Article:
Will micro-fulfilment transform e-grocery profitability?
The grocery business is having its moment. Retailers are adapting to the challenge of online faster than many can keep up with. Ocado’s pivot into an e-commerce platform provider and Walmart’s continued heavy investment into digital are just two examples of how the market is responding.
As retailers are forced to consider existing logistics strategies in response to customer demands and fierce competition, new innovative fulfilment models are being explored to address the need to provide fast, cost effective and accurate e-grocery delivery services. The question is if these new operating models can provide an answer to the profitability challenge of e-groceries?
Online is continuing to outperform other grocery channels and there is a renewed focus on how retailers can effectively balance growth with profitability. E-grocery is fundamentally a high volume, low margin logistics business. Its cost base is driven by order fulfilment and last mile delivery which accounts for over 60% of total cost and 80% of variable cost. Choosing the right operating model to most effectively pick and deliver orders is the key that unlocks better profitability and competitive customer propositions.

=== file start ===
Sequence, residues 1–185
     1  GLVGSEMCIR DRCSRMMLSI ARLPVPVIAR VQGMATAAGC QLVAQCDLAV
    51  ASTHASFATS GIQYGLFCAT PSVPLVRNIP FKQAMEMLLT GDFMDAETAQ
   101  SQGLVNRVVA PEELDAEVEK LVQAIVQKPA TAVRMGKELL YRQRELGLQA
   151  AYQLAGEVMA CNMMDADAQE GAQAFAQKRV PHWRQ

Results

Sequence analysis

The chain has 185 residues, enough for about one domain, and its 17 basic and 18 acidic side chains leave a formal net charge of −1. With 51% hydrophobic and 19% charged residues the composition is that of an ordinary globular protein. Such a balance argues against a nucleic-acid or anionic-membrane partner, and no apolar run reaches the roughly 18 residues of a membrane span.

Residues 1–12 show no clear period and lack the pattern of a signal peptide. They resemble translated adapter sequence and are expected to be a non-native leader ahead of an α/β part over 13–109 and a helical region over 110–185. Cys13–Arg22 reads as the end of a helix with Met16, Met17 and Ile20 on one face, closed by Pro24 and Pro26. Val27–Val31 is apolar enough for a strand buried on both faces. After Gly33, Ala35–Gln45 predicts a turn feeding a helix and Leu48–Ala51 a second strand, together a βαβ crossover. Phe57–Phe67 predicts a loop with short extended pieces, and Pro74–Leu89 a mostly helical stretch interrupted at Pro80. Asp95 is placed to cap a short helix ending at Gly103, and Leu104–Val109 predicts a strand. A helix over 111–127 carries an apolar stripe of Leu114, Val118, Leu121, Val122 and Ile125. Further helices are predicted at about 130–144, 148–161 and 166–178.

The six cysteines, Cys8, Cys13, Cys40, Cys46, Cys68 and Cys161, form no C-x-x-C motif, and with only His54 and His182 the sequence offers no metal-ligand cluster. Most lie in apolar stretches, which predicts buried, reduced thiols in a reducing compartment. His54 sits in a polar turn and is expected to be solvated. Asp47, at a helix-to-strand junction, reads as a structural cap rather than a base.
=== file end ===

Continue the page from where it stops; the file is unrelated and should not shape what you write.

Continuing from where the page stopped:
What is the trade-off with existing e-grocery fulfilment models?
Meeting customer expectations around product choice, availability and delivery without compromising on quality or price is challenging. For traditional bricks-and-mortar retailers, a pick from store model helps to leverage existing property networks, supply chains and management to better utilise existing assets and, being located closer to customers, reduce last-mile costs. However, as volumes rise the benefits are impacted by the manual processes deployed in store which increase the risk of inaccuracy, product damage and impact on the store’s regular shoppers.